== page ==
You’ve heard that social media marketing can lead to more loyal customers, more brand recognition, more repeat business, more… well, everything.
But successes like these aren’t instant or automatic. Effective social media marketing requires a great deal of effort. It isn’t easy for small business owners—or anyone—to come up with a steady stream of pithy statements in 140 characters or less.
That said, there are some simple solutions that can make a difference in reaching and connecting with your audience. Here are three strategies you can add immediately to your social media marketing arsenal.
1. It’s all about timing
Schedule your emails, tweets, status updates and blog posts at the right time—when you have a captive audience. You want to catch your audience not only when they’re checking their messages and news feed, but when they might have a few minutes to click through a link and check something out.
When’s that? It depends, of course. For marketing consultant Jay Baer, the best time to reach his audience of busy professionals tends to be during a “micro-opportunity window.” These may be as short as just a few minutes, but they’re critical for reaching a busy audience. Baer times his messages to hit before or after the top of the hour, when many time-starved professionals are sneaking a peek at their phone on the way back to their desk.
Late in the day is another good time to post. Author and social media expert Dan Zarrella’s Twitter analysis found that tweets in the late afternoon and early evening—during commute hours and around dinner time—led to higher click-through rates than those published in the morning. Zarrella also found that tweets posted on Fridays, Saturdays and Sundays drew more click-throughs. A report by Buddy Media saw a similar phenomenon on Facebook. Brand interaction rates were 14.5 percent higher on weekends than on weekdays. The report also recommends posting between 8 pm and 7 am, when interaction is 14 percent higher than the rest of the day. The reason is simple: catch your audience during their downtime. Don’t want to work on the weekends or after hours? Tools like Buffer and HootSuite can help by letting you compose your thoughts in advance and publish them at an appointed time.
2. Issue calls to action
If you want to engage with your customers on social media, you have to ask for it (in moderation, of course).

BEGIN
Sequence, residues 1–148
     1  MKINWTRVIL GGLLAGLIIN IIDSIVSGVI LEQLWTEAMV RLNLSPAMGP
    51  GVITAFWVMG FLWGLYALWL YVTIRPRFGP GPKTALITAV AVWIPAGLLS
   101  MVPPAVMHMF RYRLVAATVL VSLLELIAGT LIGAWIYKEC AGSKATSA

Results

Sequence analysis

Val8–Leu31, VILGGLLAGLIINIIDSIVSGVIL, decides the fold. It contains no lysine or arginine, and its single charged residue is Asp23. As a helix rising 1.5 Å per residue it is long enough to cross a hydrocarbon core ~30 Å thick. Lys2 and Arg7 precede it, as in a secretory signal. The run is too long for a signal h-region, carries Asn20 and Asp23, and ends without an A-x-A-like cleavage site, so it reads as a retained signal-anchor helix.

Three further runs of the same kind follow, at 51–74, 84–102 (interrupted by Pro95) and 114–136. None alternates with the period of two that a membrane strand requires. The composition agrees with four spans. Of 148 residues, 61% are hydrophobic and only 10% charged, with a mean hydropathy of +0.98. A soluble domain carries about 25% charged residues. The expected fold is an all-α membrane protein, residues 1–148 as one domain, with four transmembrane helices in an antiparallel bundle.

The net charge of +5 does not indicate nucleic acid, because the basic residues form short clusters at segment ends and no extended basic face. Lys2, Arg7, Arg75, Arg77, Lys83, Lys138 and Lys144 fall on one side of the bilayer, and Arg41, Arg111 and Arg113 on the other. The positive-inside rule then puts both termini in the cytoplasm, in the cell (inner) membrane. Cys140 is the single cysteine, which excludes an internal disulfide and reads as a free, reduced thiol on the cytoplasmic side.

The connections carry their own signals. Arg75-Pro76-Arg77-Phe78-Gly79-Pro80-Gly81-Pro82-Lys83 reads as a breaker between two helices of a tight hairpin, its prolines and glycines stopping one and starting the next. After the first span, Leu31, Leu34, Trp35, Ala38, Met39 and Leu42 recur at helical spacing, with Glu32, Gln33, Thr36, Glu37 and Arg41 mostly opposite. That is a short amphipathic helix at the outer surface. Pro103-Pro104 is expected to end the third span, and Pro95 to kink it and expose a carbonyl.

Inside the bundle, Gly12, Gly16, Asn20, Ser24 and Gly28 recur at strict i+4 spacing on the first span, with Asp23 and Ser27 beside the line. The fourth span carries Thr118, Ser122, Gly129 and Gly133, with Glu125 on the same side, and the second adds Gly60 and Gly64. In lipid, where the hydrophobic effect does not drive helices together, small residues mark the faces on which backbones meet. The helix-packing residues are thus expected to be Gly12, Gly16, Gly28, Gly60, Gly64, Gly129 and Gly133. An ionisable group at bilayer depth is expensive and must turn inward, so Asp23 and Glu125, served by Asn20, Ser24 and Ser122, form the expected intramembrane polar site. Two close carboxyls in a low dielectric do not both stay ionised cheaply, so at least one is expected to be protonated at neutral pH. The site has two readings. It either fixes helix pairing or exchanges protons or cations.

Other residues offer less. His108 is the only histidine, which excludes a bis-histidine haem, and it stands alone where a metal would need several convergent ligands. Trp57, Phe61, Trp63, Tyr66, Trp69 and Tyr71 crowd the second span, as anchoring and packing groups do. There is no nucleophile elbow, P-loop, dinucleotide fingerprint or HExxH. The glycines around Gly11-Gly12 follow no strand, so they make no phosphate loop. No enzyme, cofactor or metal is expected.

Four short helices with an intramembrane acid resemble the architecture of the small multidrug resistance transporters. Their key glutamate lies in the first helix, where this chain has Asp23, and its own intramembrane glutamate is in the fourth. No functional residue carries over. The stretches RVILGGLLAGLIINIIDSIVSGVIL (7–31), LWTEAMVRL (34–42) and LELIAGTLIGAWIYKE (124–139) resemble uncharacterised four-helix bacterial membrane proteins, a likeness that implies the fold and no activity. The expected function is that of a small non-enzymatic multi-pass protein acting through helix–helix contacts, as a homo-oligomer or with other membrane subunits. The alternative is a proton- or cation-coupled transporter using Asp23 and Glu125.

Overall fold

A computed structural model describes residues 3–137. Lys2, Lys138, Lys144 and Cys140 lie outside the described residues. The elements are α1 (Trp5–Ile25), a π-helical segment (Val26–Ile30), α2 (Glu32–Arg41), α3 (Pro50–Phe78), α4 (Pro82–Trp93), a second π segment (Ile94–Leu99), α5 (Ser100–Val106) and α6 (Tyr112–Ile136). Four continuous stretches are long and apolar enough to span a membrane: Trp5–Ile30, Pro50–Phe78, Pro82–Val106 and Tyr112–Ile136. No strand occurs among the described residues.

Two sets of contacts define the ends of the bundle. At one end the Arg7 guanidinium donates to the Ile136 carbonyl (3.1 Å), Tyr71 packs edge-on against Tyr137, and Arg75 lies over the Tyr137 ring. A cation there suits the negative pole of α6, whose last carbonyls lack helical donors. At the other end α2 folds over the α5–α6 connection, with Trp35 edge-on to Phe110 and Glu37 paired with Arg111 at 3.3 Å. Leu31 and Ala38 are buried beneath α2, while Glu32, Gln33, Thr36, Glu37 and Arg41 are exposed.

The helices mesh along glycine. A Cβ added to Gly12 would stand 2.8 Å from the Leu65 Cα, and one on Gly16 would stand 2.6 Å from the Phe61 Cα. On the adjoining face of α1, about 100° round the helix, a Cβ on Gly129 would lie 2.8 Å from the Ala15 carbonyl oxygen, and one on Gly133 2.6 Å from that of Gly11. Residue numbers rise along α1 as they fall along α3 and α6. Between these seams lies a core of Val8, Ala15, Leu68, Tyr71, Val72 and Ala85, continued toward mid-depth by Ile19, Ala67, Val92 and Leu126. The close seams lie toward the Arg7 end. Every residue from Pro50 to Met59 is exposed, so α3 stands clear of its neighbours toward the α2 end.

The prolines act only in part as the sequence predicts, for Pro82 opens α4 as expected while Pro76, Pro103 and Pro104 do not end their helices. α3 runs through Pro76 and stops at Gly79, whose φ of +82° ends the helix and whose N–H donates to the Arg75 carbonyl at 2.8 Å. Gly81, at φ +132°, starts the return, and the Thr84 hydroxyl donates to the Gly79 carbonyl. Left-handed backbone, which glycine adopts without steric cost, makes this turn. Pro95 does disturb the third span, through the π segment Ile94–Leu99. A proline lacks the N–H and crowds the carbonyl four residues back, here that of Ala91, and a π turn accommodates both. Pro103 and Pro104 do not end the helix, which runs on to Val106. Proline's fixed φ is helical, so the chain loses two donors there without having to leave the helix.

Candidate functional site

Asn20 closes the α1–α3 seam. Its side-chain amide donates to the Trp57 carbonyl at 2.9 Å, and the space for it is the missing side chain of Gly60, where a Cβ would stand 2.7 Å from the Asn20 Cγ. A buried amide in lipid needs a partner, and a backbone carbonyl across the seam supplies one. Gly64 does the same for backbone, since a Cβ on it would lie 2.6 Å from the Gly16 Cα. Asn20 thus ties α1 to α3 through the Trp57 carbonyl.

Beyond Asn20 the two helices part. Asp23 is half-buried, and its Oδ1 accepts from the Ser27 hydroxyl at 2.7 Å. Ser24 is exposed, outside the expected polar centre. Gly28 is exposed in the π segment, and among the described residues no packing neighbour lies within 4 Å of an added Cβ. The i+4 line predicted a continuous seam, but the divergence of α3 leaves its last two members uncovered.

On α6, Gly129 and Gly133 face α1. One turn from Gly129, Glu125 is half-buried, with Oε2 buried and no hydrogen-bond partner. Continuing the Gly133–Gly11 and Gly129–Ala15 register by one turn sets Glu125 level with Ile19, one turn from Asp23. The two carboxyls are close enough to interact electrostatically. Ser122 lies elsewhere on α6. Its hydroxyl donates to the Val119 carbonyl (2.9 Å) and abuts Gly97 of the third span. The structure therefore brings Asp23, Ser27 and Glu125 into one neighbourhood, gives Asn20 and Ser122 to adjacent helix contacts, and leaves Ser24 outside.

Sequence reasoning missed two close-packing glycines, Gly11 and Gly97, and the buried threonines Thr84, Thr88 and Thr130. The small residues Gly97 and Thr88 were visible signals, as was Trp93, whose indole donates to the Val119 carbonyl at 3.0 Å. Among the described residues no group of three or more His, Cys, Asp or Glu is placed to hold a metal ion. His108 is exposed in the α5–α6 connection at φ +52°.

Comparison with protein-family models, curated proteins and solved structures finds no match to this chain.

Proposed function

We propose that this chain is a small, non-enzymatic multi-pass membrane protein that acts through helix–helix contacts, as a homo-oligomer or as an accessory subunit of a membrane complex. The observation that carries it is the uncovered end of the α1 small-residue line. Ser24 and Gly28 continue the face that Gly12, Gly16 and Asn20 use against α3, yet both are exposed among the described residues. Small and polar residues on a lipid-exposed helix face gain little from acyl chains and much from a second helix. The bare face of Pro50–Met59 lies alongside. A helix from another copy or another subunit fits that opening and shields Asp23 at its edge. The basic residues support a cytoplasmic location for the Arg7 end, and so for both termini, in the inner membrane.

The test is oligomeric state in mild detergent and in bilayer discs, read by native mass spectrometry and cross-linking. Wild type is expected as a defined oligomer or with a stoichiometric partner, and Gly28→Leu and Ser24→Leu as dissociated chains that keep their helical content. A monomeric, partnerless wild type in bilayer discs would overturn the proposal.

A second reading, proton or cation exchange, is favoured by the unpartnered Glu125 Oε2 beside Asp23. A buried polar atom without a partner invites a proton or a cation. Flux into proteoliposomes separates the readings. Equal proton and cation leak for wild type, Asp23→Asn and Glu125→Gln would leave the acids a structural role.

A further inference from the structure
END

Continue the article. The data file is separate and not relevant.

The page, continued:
Facebook posts with questions generate 92 percent higher comment rates than posts without questions, according to the Buddy Media report. Be sure to ask your question at the end of your post—that draws a higher comment rate than if the question is placed higher up. If you post a cool or amusing picture, don’t just ask your audience to “check it out!” Increase interaction rates by encouraging your audience to caption it, too. Or you can ask your fans to “fill in the blank,” a tactic that leads to four times as many comments as other posts. If you plan to run a promotion, note that some keywords work better than others. The words that drew the most interactions were “winner,” “win” and “giveaway.” Not so popular? “Sweepstakes,” “coupon,” “clearance,” and discount phrases “% off” or “$ off.”
Twitter looked at about 20,000 random promoted tweets and found four effective ways for businesses to engage their followers. Including a link and asking their audience to download something, its number-one suggestion, drew an average of 13 percent more clicks. Twitter also recommends that brands ask their followers to retweet a message, keeping it short and simple, and spelling out the word “retweet,” rather than just the abbreviation “RT.”
If you’re looking to build your following, you may simply want to ask people to follow your brand while offering them a compelling reason to do so, such as free prizes or behind-the-scenes access. Twitter found brands that paid for a promoted tweet and asked for a follow increased their audience by an average of 258 percent.
3. Use images often
Research shows that photos perform better than videos, links and text alone on Facebook. According to digital marketing blog Kissmetrics, photos attract 53 percent more “Likes,” 104 percent more comments and 84 percent more click-throughs.
Here’s the caveat, though: The best pictures are self-explanatory, like infographics and charts. Just posting a stock image doesn’t do much. Social media publishing app Buffer compared the responses to two different photos—one that didn’t need a caption to explain it and one that did. The infographic, which didn’t require a caption, drew 78 “Likes” and 20 comments while the other only attracted 11 “Likes” and three comments.
All in all, social media marketing can help your business win new customers and engage with a broader audience. Making it work requires time, effort and some strategic thinking. By knowing your audience, interacting with them on their terms, and making engagement easy and attractive, you can elevate your brand and even drive revenue. Not bad for 140 characters or less.
Ellen Lee is a freelance writer in the San Francisco Bay Area. A former business and technology reporter for the San Francisco Chronicle, she has also contributed to CNBC.com, The Washington Post, among others.